Milani not only details the difficulty of running against a sitting prime minister, but the difficulties in navigating internal Labour Party politics. From central office meddling, to lack of support being given to his campaign – and him personally – by the party, he conveys the difficulty in being a young candidate without the party machine behind you.

Yet, where the party machine often failed to step up, grassroots campaigners and prominent Labour Party figures stepped in. The likes of Emily Thornberry – who also attended the book launch of The Unlikely Candidate – was one of the most high-profile party figures, but many others joined too. In the end, Ali details that his campaign gained so much media attention that party figures were scrambling to be seen with him on the campaign trail.

It was not just politicians either. Owen Jones, the prominent journalist and left-wing commentator, was one of the most prominent of Milani’s supporters, but other young and hungry Labour Party candidates also joined him in Uxbridge and South Ruislip, aiming to capture the magic that had seemingly fallen on his campaign.

News reporters travelled the world to see what was happening on the ground. TV cameras from the United States to South Korea flocked to capture the movement that Ali was attempting to build. He was not just an unlikely candidate, but now one of the most prominent candidates in the whole country.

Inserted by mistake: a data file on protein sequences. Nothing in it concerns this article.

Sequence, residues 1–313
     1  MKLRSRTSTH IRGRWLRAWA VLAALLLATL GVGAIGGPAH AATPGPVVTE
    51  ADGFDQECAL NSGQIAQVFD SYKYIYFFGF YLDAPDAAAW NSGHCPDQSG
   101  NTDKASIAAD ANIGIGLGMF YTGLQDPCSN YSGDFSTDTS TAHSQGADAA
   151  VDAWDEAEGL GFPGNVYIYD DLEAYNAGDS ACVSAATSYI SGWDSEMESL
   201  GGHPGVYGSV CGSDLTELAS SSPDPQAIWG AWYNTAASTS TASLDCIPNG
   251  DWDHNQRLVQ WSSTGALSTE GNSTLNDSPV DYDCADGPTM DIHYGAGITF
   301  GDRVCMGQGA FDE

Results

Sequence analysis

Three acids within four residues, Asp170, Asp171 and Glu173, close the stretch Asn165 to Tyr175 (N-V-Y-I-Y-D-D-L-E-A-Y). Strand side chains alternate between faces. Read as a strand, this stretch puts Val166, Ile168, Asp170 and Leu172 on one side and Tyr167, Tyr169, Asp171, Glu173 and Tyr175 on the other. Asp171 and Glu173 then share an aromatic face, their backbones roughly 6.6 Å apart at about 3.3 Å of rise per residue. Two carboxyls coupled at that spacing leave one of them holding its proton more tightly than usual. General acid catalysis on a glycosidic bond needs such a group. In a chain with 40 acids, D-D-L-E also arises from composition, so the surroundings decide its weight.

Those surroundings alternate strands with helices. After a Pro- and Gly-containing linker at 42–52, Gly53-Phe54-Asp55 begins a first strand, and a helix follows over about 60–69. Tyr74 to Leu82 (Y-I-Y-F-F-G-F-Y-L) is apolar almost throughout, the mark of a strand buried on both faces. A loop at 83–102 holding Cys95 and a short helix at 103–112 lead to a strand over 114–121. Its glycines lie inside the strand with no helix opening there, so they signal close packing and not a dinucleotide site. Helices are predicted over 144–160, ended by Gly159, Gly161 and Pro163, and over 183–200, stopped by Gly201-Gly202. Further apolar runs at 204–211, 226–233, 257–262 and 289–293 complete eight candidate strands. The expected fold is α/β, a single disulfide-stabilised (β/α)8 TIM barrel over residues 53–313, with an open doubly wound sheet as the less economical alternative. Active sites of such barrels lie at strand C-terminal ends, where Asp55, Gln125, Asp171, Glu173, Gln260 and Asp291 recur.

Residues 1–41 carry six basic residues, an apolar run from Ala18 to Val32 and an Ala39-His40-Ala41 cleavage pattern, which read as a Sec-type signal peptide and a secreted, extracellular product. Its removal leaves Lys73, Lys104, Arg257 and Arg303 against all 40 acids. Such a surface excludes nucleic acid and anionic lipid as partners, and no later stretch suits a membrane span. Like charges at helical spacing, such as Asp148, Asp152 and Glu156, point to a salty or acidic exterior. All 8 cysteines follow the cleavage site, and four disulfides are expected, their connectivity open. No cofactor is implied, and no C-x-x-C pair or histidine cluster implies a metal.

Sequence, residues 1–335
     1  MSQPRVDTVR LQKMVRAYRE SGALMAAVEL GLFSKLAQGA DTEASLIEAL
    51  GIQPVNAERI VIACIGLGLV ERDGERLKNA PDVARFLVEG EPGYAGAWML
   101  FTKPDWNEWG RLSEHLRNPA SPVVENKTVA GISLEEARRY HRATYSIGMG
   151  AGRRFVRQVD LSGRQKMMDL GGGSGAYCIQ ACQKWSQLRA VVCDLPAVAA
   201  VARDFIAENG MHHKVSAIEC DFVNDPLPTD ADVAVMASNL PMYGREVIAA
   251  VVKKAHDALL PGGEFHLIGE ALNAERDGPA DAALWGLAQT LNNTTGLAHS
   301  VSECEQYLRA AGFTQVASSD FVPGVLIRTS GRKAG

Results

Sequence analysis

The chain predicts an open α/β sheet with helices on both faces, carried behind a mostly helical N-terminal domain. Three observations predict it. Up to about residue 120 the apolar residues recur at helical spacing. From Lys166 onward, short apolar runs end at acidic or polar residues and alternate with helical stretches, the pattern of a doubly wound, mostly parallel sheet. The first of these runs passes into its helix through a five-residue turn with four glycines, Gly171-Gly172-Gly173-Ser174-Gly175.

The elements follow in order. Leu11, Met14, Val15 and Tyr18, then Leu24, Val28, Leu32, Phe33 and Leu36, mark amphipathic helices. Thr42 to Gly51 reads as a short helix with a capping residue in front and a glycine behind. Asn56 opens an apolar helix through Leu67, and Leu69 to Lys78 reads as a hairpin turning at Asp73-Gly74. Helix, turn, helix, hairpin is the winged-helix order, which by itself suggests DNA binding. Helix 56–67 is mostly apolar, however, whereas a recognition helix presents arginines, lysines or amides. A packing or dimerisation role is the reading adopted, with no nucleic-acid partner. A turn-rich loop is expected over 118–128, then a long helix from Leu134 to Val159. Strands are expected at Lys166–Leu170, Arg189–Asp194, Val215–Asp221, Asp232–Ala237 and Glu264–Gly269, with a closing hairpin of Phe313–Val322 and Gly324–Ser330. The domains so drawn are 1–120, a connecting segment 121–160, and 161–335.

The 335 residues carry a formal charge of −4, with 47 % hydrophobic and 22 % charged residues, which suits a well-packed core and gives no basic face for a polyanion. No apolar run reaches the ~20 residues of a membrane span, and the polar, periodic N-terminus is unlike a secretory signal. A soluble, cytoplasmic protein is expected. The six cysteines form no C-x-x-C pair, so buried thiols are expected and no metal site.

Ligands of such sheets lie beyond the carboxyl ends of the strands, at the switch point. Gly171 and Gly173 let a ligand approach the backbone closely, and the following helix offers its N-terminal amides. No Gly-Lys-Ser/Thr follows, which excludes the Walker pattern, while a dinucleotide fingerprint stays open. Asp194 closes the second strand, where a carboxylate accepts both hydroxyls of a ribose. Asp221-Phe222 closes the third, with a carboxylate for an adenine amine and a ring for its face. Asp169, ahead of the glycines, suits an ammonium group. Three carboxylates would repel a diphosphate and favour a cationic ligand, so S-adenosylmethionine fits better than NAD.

Yet, whilst his campaign was a story of grassroots hope driving change, he also details the very unique challenges that he faced as a BAME candidate. From racist letters hand-delivered through his letterbox, to the older couple whose overt racism was cloaked in such politeness that it unnerved him. It was the where are you really from trope that constantly recurred on the doorstep. The irony for Milani: he had lived in Uxbridge and South Ruislip for almost his entire life; Boris Johnson had only moved there to take up the seat in 2016.

Milani however, doesn’t just detail his personal experience of racism on the campaign trail. But rather, he places it within the broader narrative of post-2010 politics, and specifically to some of the overt racism that Boris Johnson penned during his days as a journalist. He details the rising racially motivated hatred he received as Boris Johnson rose to power as Theresa May’s leadership fell, whilst Milani was campaigning for the constituency he had called home for 20 years.

The Unlikely Candidate is both a cautionary tale and a message of hope. It provides an image, based on Milani’s own vision of the future, of a more diverse and accessible political system. A political system where stories such as his own are no longer those of an unlikely candidate.

It is a must-read for any young, politically engaged people; especially for those thinking of getting involved in politics.

You can read more about Ali Milani and ‘The Unlikely Candidate’ here.